Za-zen wrote:Holy fuck, i just finished watching the whole vid, and i'm revising ehat i think of it.
Rogan fucking ate him alive, i mean while, and then soat out his clothes. Jamie was empty, and it's a great demonstration of a feminist empty head who has nothing but their dogma.
My favourite bit was after rogan demolished his arguments, with jamie acknowledging his points, jamie said "yeah well we disagree" and rogan tore into him, what the fuck do you disagree about, you just spent the whole fucking time agreeing with me.
It's infuriating dealing with these woo heads, in the same way you soend ages knocking a fucking xtians nonsense out of the ball park, only to find out that the is nothing you could habe done to show them what they believe is bullshit, because they want to believe and so they are convinced of the truth of their belief
A-fucking-men to that - about the Christians, particularly fundamentalists ... programmed minds addled by nonsense. Reminds me of this bit of zoology:
Even apparently sophisticated and intelligent sequences of behaviour can turn out, on closer investigation, to be surprisingly rigid. There is the well-known example of the Sphex wasp who leaves a paralyzed cricket in a burrow with her eggs so that her offspring will have something to feed on when they hatch. When she captures a cricket, she drags it to the entrance of the burrow, then leaves it outside for a moment when she enters, seemingly to check for intruders. However, if an interfering experimenter moves the cricket back a few inches while the wasp is inside, she repeats the sequence: dragging the insect to the burrowâ€™s entrance, then entering once more alone. And this sequence can be made to â€œloopâ€ indefinitely many times over. [The Architecture of the Mind; Peter Carruthers; web review]
But you might be interested in this article by Massimo Pigliucci on The limits of reasonable discourse
. Thereâ€™s a nice graphic showing a â€œfitness landscapeâ€ with several peaks in it such that a narrow-focus search for them could wind up with several different sub-optimal â€œsolutionsâ€ depending on slight differences in starting points. His argument:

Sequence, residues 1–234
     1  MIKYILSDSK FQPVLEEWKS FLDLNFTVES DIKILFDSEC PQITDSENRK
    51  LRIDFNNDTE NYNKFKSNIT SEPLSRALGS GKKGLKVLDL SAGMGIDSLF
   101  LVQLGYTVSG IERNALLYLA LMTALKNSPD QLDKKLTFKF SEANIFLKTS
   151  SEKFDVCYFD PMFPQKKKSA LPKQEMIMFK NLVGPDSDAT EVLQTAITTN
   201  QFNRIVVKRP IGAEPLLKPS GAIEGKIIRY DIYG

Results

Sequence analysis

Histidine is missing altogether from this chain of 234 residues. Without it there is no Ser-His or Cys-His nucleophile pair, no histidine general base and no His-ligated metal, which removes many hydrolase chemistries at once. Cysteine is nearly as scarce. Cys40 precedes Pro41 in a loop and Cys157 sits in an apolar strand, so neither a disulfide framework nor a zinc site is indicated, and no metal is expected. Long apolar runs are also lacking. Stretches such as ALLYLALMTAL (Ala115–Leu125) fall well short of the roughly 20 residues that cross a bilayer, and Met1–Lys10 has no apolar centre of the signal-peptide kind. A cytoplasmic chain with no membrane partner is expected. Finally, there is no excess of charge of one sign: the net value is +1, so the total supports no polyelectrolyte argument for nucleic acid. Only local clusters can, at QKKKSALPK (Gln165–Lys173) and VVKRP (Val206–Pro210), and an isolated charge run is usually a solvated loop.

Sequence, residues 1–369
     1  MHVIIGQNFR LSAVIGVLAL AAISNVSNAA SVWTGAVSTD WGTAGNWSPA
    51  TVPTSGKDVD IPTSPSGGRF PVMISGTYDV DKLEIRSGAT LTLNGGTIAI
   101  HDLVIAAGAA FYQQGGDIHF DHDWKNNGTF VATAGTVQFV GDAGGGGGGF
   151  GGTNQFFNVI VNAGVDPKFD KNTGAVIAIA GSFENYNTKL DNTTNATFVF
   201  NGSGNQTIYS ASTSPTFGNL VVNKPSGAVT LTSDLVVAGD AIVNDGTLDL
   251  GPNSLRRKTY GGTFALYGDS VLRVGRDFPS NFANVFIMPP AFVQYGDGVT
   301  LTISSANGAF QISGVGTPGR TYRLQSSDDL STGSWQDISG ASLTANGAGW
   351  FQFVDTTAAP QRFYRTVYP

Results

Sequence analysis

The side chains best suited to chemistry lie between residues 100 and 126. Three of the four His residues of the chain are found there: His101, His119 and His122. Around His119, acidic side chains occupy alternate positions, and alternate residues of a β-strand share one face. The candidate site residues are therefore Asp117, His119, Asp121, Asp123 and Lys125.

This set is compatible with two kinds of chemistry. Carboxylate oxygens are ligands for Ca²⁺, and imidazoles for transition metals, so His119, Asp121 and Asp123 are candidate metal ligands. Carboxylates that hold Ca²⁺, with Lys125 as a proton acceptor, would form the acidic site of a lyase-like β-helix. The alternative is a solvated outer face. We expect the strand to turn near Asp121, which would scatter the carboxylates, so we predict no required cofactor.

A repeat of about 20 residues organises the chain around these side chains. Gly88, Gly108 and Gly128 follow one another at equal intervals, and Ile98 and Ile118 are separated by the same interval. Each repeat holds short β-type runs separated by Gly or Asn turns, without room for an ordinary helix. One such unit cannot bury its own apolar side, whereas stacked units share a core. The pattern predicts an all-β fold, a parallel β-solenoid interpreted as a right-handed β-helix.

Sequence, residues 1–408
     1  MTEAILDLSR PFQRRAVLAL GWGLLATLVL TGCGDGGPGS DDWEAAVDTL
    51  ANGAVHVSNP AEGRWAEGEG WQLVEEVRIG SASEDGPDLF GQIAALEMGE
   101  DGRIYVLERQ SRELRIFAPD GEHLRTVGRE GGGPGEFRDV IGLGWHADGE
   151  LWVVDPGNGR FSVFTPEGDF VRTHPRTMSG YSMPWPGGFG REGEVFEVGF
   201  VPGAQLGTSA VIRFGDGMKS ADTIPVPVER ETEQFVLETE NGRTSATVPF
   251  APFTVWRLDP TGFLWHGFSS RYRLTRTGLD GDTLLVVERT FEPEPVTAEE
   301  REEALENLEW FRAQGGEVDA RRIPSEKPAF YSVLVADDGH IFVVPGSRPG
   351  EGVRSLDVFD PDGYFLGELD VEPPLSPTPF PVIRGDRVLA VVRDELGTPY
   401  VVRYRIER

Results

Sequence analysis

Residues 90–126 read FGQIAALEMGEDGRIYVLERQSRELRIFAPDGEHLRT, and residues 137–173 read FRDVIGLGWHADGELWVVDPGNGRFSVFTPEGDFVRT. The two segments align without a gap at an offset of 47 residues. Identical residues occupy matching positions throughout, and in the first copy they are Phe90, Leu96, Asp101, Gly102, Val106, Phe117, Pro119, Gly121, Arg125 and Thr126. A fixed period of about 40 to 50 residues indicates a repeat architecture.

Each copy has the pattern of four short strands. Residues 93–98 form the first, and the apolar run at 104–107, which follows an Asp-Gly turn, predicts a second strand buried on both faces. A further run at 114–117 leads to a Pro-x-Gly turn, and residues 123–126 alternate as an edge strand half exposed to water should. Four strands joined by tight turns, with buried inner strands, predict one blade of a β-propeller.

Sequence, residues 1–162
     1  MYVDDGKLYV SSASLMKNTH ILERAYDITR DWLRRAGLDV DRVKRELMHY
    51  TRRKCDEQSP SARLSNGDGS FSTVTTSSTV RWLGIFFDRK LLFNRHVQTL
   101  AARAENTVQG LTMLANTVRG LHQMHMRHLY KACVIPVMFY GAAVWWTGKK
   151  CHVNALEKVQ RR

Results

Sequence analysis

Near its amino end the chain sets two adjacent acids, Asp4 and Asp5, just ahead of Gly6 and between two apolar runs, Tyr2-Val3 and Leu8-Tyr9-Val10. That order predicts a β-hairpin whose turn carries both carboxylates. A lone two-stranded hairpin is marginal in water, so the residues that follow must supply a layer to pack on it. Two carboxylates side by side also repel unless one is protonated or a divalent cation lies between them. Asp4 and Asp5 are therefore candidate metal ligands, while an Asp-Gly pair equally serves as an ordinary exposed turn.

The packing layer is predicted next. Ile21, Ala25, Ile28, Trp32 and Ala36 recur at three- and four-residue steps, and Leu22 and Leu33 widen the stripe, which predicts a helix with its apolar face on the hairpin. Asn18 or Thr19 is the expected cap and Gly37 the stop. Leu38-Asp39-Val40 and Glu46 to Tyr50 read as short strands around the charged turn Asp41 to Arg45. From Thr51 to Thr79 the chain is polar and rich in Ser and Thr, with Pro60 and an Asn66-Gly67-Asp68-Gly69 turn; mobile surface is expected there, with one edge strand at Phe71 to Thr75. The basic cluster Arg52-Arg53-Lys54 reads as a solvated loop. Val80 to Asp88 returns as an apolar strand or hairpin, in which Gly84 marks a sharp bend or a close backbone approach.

Massimo Pigliucci wrote:Consider the hypothetical landscape in the figure accompanying this post. That particular graph is meant to illustrate the idea of multiple adaptive peaks in genotypic space, with natural selection pushing a population of organisms up the closest available peak (high fitness) and away from any valley (low fitness). Similar situations occur in computer science, mathematics, economics, and â€” I maintain â€” in rational discourse more generally.
Think of every peak as a particular, viable solution to whatever the problem happens to be (survival in a given environment, efficiency of a computational algorithm, or the search for a good political or ethical system). In the graphic example above, there are three peaks: one is taller, the other two are of about equal height. The taller peak represents the optimal solution across the landscape, while the other two stand for suboptimal but viable solutions. If we were talking about politics or ethics, this would correspond to saying that one political or ethical system is in fact â€œbestâ€ (under whatever criteria one is using) and therefore rational, while two more are also rational, but not quite as good. So reasonable people could make an argument for one or the other, or the third, of the proposed solutions, particularly when practical considerations may exclude, or make less likely, the implementation of the optimal solution represented by the highest peak.
I think, as he suggests, we all start from quite reasonable premises and hypotheses and argue, quite â€œreasonablyâ€ and â€œlogicallyâ€, to different â€œpeaksâ€, different â€œtruthsâ€, and fail to realize that most people have done the same: we have seen the enemy and he is us. Or, maybe, east is east and west is west ....